This is in your pelvis area. It's attached to the top of the femur on the inside. It helps you rotate your hip.

It is not uncommon for your iliacus to go into spasm in reaction to some sort of back stress or trauma. This can be quite painful, because it will cause a sympathetic reaction in other muscle groups in your back and abdomen.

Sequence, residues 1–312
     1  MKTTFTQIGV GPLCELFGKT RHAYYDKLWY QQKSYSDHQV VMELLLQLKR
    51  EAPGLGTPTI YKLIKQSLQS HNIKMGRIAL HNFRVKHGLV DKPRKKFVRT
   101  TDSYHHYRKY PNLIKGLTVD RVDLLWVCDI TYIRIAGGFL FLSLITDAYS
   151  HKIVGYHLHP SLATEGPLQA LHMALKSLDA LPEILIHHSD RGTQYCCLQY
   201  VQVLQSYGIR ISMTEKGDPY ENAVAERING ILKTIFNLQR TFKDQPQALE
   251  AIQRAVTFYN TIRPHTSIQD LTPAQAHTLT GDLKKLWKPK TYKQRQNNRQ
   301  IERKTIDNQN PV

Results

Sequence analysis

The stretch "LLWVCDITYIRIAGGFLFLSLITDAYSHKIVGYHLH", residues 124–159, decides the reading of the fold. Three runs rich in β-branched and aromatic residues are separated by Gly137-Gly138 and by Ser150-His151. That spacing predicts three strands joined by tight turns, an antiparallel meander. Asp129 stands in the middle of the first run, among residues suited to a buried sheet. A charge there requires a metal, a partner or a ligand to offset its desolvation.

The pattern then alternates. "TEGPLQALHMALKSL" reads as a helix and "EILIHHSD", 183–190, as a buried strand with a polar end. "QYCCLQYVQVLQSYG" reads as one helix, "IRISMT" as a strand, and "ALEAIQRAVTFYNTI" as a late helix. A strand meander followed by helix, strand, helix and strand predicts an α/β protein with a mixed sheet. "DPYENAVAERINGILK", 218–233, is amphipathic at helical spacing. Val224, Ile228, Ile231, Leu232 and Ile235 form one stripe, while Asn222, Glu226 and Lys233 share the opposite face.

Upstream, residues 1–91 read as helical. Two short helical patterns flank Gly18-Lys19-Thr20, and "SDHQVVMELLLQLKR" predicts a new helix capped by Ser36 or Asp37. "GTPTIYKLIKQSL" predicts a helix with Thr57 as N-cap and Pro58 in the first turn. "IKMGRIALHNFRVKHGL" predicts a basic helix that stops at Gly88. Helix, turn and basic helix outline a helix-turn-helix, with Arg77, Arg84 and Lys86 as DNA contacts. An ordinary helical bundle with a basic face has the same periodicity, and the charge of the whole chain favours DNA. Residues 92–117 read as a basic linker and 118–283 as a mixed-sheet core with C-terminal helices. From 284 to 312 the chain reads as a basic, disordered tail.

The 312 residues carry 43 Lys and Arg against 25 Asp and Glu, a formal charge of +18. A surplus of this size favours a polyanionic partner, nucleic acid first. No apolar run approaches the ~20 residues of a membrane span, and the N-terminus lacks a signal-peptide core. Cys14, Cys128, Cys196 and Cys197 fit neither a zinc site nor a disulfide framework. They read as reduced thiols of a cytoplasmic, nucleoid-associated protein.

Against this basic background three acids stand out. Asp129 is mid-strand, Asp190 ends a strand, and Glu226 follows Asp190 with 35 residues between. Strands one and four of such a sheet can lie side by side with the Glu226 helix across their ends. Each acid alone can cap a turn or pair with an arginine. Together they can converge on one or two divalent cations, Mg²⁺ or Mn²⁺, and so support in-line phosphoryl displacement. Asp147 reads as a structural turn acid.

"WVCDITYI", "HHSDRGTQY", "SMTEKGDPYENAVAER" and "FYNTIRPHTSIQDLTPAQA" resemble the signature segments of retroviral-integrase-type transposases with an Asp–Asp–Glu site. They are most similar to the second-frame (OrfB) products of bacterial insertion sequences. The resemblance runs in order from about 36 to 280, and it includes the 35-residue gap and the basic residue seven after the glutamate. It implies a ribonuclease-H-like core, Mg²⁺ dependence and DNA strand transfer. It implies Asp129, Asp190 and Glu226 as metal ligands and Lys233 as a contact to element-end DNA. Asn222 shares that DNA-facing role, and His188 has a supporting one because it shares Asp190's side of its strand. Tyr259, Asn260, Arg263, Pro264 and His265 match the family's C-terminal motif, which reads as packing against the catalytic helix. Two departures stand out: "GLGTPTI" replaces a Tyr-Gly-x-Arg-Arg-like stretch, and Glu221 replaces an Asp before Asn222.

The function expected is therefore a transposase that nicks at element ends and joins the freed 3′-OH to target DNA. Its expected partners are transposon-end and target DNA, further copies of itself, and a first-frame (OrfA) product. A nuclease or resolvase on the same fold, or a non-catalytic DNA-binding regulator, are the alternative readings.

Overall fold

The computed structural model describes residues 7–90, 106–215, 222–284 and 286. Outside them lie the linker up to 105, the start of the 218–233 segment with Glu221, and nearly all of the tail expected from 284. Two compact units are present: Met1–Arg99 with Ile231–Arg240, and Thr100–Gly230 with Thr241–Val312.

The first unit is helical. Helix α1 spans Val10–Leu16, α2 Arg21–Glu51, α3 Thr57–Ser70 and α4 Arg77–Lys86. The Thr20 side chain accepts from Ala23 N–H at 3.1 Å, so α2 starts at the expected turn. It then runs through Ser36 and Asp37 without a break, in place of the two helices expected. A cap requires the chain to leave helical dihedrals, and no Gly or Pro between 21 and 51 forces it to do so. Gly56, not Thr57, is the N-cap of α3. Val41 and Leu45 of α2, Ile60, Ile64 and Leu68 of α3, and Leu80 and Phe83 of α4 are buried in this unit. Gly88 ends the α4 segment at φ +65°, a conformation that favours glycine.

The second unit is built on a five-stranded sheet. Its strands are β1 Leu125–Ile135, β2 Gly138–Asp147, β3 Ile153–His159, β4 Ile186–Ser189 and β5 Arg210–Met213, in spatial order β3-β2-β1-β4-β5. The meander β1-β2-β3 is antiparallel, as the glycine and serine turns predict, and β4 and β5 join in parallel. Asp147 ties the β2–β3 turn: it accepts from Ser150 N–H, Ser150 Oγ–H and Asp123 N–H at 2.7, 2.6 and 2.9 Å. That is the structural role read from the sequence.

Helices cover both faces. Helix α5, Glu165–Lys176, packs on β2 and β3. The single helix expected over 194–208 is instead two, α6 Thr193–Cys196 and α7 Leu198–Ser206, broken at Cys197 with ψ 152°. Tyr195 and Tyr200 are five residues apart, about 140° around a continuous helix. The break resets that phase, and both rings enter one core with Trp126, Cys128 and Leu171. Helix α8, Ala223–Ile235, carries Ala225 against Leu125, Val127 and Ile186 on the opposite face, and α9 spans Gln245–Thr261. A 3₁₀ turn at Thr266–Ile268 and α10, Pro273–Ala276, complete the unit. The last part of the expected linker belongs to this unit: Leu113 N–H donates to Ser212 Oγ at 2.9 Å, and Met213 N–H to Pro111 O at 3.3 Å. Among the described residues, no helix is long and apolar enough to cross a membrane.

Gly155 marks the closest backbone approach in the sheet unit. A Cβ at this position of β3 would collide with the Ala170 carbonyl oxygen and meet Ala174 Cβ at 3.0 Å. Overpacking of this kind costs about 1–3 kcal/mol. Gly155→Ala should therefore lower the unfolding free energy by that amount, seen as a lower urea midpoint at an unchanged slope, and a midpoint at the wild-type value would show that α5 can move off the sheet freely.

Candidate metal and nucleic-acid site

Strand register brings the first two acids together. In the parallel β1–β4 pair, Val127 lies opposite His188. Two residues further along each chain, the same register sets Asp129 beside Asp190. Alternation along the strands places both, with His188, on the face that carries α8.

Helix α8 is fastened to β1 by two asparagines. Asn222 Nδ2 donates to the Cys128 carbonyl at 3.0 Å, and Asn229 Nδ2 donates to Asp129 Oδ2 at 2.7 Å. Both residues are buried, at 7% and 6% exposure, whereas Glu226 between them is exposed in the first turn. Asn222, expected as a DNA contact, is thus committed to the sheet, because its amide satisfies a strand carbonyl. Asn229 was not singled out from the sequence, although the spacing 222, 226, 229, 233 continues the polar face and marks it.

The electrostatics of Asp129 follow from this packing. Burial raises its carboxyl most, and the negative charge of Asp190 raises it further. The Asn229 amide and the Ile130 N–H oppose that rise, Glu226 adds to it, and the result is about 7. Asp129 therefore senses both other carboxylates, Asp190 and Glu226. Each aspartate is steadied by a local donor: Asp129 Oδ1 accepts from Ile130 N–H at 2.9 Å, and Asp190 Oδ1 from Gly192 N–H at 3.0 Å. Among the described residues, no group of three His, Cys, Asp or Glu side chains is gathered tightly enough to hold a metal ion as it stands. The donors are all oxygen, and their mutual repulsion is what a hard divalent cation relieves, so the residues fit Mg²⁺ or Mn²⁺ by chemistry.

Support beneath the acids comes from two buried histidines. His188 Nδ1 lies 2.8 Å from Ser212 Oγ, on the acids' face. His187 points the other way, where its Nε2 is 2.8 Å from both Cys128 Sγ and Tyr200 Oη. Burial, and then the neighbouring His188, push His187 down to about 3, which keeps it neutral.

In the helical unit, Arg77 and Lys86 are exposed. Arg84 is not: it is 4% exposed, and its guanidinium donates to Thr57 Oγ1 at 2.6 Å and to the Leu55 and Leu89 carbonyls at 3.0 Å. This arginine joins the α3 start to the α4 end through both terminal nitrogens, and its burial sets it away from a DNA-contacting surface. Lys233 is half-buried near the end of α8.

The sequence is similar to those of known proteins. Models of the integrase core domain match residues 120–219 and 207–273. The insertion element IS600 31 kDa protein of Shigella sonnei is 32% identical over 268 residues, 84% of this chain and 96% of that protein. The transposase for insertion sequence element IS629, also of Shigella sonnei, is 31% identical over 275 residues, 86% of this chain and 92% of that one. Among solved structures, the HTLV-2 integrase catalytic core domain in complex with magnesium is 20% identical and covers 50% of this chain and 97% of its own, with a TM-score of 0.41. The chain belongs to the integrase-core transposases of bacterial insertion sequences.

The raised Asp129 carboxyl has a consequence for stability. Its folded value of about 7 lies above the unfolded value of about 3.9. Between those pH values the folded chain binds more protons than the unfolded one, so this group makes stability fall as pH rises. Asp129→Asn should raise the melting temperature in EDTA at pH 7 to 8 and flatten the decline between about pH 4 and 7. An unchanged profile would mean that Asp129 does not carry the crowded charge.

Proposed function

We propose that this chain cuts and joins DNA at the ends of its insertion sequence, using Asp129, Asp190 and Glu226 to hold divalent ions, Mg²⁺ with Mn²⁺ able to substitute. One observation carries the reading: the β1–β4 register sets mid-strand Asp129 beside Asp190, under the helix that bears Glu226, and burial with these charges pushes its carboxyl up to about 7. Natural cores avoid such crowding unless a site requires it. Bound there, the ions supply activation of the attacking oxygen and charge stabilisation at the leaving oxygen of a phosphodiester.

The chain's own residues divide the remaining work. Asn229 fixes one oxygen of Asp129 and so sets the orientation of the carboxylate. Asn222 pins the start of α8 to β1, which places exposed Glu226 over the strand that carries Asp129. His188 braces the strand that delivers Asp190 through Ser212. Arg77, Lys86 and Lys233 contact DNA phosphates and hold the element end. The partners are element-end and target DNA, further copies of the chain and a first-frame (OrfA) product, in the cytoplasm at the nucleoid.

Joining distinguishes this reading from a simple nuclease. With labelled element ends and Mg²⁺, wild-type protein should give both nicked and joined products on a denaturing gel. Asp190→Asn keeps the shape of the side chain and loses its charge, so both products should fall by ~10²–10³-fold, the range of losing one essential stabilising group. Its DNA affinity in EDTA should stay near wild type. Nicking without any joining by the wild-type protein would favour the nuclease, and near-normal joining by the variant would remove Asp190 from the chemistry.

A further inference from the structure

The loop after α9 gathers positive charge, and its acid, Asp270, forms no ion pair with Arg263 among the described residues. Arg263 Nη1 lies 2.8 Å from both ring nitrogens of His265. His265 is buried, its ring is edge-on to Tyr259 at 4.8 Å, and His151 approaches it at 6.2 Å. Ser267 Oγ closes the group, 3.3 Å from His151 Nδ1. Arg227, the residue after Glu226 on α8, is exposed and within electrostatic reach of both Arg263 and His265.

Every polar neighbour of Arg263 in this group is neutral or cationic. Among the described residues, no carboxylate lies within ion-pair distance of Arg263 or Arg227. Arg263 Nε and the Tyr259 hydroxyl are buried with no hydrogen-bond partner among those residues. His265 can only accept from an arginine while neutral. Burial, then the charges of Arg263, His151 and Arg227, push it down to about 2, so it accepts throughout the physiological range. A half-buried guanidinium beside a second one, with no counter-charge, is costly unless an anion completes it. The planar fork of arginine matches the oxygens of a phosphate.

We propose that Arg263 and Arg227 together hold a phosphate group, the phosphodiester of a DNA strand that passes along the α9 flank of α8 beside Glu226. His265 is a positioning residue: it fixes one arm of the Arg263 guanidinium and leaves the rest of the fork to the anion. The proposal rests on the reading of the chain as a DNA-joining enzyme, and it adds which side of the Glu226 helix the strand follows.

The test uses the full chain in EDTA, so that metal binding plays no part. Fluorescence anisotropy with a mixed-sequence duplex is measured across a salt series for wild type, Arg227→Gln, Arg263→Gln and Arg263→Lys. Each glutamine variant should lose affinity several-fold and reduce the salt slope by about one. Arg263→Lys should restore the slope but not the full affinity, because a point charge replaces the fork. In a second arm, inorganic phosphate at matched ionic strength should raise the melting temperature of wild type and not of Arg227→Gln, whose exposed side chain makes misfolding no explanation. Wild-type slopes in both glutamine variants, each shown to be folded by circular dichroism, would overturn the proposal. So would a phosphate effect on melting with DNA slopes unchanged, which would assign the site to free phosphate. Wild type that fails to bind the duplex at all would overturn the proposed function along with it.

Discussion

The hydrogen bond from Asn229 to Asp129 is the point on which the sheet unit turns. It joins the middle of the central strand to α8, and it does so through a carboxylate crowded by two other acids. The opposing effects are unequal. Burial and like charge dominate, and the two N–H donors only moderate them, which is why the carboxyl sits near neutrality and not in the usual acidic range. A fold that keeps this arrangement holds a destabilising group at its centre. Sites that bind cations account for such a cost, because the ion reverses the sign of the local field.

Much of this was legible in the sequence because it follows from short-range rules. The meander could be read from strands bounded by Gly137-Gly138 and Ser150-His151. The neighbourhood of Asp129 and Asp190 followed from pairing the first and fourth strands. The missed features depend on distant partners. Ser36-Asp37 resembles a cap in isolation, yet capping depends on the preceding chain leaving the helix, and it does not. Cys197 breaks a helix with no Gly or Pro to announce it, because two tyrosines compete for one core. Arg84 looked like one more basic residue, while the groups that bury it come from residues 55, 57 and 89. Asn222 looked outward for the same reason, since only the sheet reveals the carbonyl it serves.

The tricky thing is that it's impossible to palpate your iliacus because it is completely inside your pelvis. If it is in spasm, your best bet is to apply pressure to a trigger point of a related muscle. To do this: First, lay on your back and elevate your knees, and try to release as much tension from your abdomen as possible. Put your hand on the top of the front of your pelvis bone, on either side. Slide your thumb along the inside ridge of the bone until you just pass over that small bump on the crest of your pelvis. Now press inwards with your thumb so you start to feel the inside of the front of the pelvis. Apply steady pressure here, but not enough to cause any more pain. You should start to feel some release deep inside your iliacus, on the side on which you're working. Hold for a while, and then repeat the whole procedure for the other side. If you can, try to remain laying down with your knees elevated for a little while after you do this.

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